In other words, we may idolise farmers, but it’s an idolatry of pure symbolism. Despite all these odds, we expect farmers to succeed, and when they can’t, their failure to live up to the ideal image sees some succumb to depression and suicide.
Which brings us to the dawning reality of the declining demand for dairy. While it is certainly true that, as Jonas points out, “dairy has been part of human societies since forever,” and is unlikely to disappear altogether, consumption is falling as alternatives such as soy and almond milk continue to flood the market.
With one in six Australians now avoiding dairy products, are we holding onto something that the market itself is trying to regulate? Because many avoid dairy for health reasons, Nolan says the reduction simply reflects the nature of food fads that “rise and fall,” but Jonas warns of a bigger issue: the ethical implications of modern farming.
These include the standard practice of separating calves from their mothers almost immediately. Most of these ‘bobby calves’ are immediately sent to slaughter. “The concerns around bobby calves ending up in abattoirs at five days’ old drives a lot of women in particular away from dairy,” Jonas admits. “And I think the giant industrial system is part of what is doing that as well.
“The bigger and more invisible it gets the less people want to be part of it.”
Jonas and the AFSA call for a new system where small farmers sell directly to the community, something current regulation -set up to protect industrial supply chains- does not allow for.
“If we can bring it back to a level of connectedness where people see the farms and they see the cows are on the paddocks and they see the claves are being left with the cows… you maintain a healthier relationship to the industry and to the product.”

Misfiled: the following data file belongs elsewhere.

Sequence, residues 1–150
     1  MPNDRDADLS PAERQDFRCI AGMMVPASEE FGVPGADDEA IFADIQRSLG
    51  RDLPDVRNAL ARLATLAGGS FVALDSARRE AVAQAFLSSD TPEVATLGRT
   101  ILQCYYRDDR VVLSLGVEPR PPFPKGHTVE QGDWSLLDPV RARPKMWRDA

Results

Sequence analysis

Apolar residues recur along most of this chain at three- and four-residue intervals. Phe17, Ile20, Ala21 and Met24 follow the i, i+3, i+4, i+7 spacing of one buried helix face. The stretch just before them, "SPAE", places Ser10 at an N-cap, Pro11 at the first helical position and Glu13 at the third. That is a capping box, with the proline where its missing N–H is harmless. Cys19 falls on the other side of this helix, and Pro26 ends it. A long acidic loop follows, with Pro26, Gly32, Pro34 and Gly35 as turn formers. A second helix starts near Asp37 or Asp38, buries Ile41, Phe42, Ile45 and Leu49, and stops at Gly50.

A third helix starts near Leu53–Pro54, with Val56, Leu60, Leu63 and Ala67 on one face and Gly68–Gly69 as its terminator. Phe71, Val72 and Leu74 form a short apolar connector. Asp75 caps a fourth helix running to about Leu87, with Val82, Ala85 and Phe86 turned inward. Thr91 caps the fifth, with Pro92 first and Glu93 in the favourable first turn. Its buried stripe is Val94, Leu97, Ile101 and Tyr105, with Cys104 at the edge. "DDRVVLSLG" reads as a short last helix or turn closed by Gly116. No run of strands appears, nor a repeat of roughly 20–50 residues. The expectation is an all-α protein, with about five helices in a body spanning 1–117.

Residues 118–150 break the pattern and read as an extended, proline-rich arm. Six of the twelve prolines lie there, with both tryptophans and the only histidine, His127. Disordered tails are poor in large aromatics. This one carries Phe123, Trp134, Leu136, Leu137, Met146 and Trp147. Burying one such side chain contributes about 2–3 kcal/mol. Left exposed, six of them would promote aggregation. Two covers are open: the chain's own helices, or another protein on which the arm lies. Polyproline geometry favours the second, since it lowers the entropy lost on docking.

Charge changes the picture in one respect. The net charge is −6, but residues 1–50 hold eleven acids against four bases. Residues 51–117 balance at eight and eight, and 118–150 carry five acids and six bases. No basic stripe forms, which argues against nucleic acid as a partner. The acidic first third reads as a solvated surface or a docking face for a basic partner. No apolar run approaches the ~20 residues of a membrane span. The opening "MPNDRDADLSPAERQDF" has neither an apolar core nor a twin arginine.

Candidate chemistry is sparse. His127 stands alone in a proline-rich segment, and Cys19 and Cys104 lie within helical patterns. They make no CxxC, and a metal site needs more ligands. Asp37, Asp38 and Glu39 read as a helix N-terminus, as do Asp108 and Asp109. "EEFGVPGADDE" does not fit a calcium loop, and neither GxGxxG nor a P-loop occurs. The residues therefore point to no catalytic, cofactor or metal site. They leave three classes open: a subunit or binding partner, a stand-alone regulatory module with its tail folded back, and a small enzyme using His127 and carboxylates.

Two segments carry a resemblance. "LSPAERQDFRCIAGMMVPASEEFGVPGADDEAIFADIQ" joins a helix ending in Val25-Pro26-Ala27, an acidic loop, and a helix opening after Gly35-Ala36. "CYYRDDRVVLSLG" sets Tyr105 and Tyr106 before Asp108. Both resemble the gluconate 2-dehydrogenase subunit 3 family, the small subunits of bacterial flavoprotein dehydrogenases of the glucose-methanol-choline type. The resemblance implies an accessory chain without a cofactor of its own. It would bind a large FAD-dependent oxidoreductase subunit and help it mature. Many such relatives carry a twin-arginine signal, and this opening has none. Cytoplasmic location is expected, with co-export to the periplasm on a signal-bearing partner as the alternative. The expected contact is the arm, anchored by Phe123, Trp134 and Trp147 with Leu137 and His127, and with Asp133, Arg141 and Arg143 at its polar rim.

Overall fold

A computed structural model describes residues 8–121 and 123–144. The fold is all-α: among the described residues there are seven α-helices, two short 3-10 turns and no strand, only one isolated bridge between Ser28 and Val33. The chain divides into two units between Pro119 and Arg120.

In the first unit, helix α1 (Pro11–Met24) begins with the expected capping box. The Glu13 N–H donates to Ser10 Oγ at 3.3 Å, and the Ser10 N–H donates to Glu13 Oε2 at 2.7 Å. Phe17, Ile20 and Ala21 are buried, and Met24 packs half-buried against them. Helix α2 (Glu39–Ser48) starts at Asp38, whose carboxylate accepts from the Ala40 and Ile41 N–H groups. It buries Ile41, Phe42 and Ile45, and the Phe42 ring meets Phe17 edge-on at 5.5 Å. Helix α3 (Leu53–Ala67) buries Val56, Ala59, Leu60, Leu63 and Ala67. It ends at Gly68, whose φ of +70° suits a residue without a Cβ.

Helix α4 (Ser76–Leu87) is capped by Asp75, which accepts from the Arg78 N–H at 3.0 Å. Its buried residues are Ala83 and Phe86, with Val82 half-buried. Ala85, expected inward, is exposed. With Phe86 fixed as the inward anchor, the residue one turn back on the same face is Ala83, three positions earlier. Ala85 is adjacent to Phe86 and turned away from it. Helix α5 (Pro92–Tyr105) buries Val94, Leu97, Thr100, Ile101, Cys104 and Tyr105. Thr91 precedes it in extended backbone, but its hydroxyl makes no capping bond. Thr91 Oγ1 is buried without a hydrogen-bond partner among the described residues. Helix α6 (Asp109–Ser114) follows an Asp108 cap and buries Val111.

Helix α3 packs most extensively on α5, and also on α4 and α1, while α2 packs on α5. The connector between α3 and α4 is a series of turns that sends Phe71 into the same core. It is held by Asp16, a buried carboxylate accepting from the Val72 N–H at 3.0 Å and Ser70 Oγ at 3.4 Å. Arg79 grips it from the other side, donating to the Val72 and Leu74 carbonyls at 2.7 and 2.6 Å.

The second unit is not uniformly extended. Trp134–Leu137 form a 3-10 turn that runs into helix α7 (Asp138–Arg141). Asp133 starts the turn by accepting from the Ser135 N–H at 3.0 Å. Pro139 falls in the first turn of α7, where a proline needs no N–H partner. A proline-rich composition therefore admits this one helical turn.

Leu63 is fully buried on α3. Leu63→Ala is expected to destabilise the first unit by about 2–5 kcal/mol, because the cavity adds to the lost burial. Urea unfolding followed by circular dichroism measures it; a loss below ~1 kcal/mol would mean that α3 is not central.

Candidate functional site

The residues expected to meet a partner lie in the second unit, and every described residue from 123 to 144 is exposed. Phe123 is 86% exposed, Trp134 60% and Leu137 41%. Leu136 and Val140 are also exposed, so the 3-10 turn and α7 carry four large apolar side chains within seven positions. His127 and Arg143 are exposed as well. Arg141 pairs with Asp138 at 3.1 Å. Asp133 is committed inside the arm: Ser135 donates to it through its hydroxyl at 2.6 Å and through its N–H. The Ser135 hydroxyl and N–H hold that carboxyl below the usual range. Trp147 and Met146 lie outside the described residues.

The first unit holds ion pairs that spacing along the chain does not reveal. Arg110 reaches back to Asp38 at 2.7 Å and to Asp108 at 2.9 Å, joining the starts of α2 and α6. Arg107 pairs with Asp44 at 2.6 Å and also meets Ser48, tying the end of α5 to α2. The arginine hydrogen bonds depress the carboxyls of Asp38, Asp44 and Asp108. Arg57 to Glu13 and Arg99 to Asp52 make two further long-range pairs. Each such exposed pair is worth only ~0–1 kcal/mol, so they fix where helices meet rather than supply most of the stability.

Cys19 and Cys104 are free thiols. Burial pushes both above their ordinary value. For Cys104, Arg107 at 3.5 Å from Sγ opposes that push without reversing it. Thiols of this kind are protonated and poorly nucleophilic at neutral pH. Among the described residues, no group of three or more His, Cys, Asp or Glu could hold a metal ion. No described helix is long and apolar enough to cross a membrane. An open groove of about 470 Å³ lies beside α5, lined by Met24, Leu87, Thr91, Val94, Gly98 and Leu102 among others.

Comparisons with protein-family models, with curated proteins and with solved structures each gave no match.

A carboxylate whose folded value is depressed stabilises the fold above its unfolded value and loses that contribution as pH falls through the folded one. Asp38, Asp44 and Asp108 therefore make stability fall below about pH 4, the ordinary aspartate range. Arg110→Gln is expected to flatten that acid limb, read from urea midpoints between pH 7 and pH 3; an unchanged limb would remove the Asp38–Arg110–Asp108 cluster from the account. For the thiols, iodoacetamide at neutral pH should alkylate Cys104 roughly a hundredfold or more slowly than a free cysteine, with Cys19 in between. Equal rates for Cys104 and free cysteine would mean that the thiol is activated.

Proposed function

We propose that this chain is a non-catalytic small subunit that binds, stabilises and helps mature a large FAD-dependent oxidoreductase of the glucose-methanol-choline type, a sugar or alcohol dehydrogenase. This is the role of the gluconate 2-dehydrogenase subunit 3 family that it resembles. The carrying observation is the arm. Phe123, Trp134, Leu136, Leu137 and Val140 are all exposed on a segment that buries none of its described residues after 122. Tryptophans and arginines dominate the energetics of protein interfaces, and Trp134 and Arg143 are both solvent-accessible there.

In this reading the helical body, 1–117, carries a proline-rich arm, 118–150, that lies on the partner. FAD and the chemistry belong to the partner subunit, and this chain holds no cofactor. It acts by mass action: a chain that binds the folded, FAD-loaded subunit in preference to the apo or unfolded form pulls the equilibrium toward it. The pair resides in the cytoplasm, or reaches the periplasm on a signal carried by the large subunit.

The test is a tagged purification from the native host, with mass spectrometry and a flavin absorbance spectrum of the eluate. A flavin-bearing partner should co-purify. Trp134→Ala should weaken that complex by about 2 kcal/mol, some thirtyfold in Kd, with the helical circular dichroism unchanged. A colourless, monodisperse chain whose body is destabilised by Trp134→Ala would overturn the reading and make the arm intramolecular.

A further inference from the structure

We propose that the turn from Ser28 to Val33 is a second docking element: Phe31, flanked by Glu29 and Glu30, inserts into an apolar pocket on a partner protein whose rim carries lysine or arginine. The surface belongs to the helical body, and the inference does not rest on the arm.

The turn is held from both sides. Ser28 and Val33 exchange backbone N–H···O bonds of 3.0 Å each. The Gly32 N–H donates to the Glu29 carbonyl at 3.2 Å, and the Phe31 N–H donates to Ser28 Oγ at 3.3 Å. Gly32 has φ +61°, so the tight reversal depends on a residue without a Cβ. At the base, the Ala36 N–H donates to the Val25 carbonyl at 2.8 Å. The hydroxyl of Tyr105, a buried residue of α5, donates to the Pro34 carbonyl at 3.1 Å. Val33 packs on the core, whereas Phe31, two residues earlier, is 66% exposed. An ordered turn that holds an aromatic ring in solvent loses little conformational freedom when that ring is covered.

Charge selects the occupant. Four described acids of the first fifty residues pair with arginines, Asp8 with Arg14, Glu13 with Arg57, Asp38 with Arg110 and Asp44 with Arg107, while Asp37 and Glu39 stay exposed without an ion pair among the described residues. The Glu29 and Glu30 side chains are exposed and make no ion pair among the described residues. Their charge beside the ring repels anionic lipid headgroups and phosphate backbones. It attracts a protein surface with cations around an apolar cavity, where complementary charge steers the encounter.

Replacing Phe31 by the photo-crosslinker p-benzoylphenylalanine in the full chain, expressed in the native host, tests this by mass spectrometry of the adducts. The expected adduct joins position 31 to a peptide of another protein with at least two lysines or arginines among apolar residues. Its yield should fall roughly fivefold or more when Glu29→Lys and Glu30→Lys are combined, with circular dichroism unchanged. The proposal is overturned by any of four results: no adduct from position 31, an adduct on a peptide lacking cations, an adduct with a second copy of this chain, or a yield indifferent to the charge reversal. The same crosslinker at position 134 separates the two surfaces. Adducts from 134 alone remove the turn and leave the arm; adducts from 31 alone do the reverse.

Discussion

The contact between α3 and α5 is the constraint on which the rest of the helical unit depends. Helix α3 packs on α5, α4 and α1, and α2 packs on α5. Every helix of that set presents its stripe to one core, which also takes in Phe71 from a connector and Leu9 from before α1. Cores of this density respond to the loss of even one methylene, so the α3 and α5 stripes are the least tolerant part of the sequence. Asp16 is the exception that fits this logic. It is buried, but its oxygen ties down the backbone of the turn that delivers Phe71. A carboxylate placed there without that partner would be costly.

A changing world; a re-examined past
Essentially, Jonas is calling for modern farming to match what is still in our collective heads: the old, iconic image of the individual farmer.
But in a world of more than seven billion people, free-range animal agriculture has its own environmental and efficiency concerns. Indeed, as the effects of animal agriculture on climate change become known, the calls to decrease consumption of animal products grows louder.
Earlier this month, the Chinese government announced a plan to reduce that country’s meat consumption by half, a necessary measure to address climate change but one that would be unthinkable in Australia.
After all, This is Australia. Farmers are held close because of what we think they say about us; to do otherwise requires a re-examination of what it means to be Australian.
We live in an industrialised era that demands higher production on less land, a feat that both cannot be achieved by small-scale farming and that is disastrous for the environment.
But how well does the iconic image of the farmer represent contemporary Australia? The idealised farmer is a white prototype and his sacred cow -literally- is an animal that he brought with him when he took over this land, erased (or tried to) the Indigenous folklore, and remade the country and its terrain in his own image.
This, explains Dr Eriksson, betrays “a laboured attempt to create Australia, rather than a sort of organically, naturally emerging sense of Australianness.” Nonetheless, the cattle farmer - the backbone of the country- is up there with the digger; and like the digger, the myths we construct around him overpowers the reality.
Once upon a time, dairy farmers produced just enough to get by. But we live in an industrialised era that demands higher production on less land, a feat that both cannot be achieved by small-scale farming and that is disastrous for the environment.
In a world that is rapidly changing, and taking farming with it, we don’t necessarily love and want to protect farmers on their own merits, but because we can’t let go of a carefully-constructed but long-finished past.
The irony is, the more we hold on to this fantasy, the more “our farmers” will struggle as they try to fulfil their historical role.
Watch: Candidates in the country seat of Indi discuss the dairy crisis.